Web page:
In October, Oppenheimer and his team made TAoK available for free download to anyone in Indonesia. Its people have begun confronting the truth through this important film. Now the government must decide whether to be on the right side of history by embracing truth and justice, or continue burying its head in the sand.

The idea of a government embracing and even promoting a film that criticizes its country is not as unlikely as it sounds. Israel, for instance, produces dozens of hard-hitting movies each year that blatantly expose and criticize institutionalized injustice.

Many of these films are not only promoted overseas by the Israeli government, but produced with government funding. This is also true of many films produced in the US with taxpayer money. It’s a huge part what art is supposed to do anywhere — to serve as introspection, a social conscience, a devil’s advocate.

Some may say Indonesia isn’t ready for this kind of introspection. This is nonsense. The country is full of thoughtful, honest, forward-looking citizens comfortable with the world around them and wanting nothing more than to be part of a global society. To suggest they need to be “protected” from controversy or truth is utterly condescending. The Indonesian government needs to become a lot better at trusting the Indonesian people.

Rather than being embarrassed by TAoK, Indonesia’s government should champion this film. It should welcome it into theaters and boldly promote TAoK as an important educational tool to compensate for decades of indoctrinating its nation’s students with the infamous propaganda film G30SPKI.
Endorsing TAoK would be a sign of a confident, progressive government intent on breaking away from a culture of fear, lies and impunity.

Though Oppenheimer won’t be visiting our shores for a while, for fear of reprisals by vigilante groups implicated in TAoK, he isn’t going away any time soon.
Oppenheimer and his Indonesian codirector Anonymous are now editing their follow-up film. It’s also about the 1965 genocide, but this time from the perspective of the survivors. Its title points poignantly and shamefully at how Indonesia’s government has chosen thus far to ignore 1965: The Look of Silence.

The writer is the director of JALANAN, a new feature-length documentary about Indonesia seen through the lives of three Jakarta street musicians, and author of the urban pop culture book Jakarta Inside Out.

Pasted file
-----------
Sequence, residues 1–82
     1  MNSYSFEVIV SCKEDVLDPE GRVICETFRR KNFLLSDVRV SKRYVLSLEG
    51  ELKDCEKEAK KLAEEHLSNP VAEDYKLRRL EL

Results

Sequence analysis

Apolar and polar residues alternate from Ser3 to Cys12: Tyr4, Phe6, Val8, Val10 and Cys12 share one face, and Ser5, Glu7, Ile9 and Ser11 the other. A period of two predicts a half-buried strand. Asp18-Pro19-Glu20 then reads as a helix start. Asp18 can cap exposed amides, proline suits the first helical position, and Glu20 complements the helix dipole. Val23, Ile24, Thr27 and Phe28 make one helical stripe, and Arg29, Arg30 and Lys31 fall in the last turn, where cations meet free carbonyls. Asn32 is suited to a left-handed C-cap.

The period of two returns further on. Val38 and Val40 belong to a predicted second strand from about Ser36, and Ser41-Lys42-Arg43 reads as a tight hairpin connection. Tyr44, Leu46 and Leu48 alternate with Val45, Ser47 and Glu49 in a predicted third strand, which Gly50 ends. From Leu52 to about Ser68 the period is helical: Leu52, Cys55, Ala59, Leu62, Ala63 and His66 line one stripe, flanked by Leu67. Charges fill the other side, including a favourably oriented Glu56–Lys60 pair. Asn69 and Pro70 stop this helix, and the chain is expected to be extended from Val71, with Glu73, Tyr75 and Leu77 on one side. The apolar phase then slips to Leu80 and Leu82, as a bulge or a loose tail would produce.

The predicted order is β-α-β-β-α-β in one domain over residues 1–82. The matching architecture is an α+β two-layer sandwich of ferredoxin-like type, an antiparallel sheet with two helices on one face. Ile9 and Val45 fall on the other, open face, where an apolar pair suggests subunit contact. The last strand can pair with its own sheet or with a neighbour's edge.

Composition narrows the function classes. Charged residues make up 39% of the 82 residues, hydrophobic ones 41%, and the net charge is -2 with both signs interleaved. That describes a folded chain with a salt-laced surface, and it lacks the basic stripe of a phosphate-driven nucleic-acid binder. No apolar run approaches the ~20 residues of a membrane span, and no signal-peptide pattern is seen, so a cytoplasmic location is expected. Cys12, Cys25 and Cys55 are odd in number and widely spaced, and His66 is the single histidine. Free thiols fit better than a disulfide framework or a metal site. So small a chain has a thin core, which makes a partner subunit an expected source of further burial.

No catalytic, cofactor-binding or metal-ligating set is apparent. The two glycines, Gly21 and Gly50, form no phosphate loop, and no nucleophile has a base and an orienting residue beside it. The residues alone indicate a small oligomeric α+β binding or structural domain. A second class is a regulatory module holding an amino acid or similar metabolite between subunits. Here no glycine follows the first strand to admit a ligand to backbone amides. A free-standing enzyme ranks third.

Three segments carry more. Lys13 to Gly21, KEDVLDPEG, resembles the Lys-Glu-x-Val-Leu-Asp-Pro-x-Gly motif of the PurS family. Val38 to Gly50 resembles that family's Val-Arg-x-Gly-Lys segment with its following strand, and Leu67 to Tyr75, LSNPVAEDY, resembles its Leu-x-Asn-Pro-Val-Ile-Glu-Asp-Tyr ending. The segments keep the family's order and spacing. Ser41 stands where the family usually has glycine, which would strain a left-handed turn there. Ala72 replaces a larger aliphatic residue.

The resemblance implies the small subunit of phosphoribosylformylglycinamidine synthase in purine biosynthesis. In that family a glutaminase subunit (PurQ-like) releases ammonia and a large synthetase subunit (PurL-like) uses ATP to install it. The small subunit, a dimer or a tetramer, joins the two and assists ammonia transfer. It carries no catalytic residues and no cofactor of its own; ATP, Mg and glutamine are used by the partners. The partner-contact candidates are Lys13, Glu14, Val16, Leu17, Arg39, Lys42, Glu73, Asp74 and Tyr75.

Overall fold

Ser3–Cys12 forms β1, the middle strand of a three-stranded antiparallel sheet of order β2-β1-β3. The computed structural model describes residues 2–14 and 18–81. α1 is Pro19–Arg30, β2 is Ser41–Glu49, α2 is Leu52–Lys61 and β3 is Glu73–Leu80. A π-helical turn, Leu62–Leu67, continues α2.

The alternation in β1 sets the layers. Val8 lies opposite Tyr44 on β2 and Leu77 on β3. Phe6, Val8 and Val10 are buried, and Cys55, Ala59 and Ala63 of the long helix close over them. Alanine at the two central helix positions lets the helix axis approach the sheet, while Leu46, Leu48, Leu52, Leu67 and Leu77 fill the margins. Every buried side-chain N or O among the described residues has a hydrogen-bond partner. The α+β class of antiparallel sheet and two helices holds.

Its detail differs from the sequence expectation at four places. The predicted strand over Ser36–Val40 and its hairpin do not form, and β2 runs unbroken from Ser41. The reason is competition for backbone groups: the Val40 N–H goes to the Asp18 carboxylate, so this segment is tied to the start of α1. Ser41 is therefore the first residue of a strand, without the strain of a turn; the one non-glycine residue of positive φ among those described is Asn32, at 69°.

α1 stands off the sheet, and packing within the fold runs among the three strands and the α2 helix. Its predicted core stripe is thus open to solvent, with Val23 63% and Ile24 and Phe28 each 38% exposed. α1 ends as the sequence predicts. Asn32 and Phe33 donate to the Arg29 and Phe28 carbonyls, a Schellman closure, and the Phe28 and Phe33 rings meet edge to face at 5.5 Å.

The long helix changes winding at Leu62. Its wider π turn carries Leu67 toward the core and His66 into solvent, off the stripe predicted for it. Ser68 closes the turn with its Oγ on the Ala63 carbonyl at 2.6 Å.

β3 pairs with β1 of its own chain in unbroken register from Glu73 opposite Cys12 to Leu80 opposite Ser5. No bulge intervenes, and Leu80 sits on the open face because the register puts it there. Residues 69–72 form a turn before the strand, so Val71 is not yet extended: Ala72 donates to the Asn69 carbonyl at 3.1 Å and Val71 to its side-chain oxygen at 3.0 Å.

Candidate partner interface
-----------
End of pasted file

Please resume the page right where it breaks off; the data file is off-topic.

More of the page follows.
Guess what?: ‘The Act of Killing’ vies for Oscar

The Jakarta Post | People | Thu, December 05 2013, 12:22 PM
Joshua Oppenheimer’s documentary, The Act of Killing, about mass murders in Indonesia in 1965 has been selected as a candidate for Documentary Feature in the 2014 Academy Awards.
The Act of Killing is among 14 other documentary titles listed in the category, several film websites, including, reported on Wednesday.

Other candidates, which will later be whittled to five nominees, include a film about jailed Russian punk band Pussy Riot, Pussy Riot: A Punk Prayer; a documentary about a British war photographer killed in Libya, Which Way is The Front Line from Here?; and 20 Feet from Stardom, which tells about the lives of back-up singers.
The Academy of Motion Picture Arts and Sciences will announce the nominees on Jan. 16, and the Oscars show will take place on March 2.
    The Act Of Killing’: New narrative with new views
Nelly Martin, Wisconsin | Opinion | Fri, September 06 2013, 9:45 AM
I need to state it upfront that this piece is not coming from a historian, but an Indonesian layperson. Right after I watched the movie and before I wrote this piece, I started a conversation with a group of friends residing in Indonesia. Their reaction was easy to guess: “I don’t like the movie because it gives a bad name to the Indonesian government”. I can totally understand this stance because that’s how the majority of Indonesians have been indoctrinated.

Another strong opinion stated that the movie, which is aimed at an international audience, would just give the impression to the world that the Indonesian government has been treating the Chinese badly.

I am not going to discuss this. For me, it is just a matter of power and who is powerful enough to write it down and to instill it in the people. As an Indonesian studying overseas for quite a while now, I can understand where some Indonesians are coming from — that the crushing of the communists was justified and excusable. My best guess is that we might have been brainwashed into considering that the entire massacre was legal and ethical. Again, I speculate here.

What interests me more is the way the director narrates the story. I may refer to the movie as a life history. Seeing it from the life history point of view, this piece is trying to reconstruct the history from another point of view.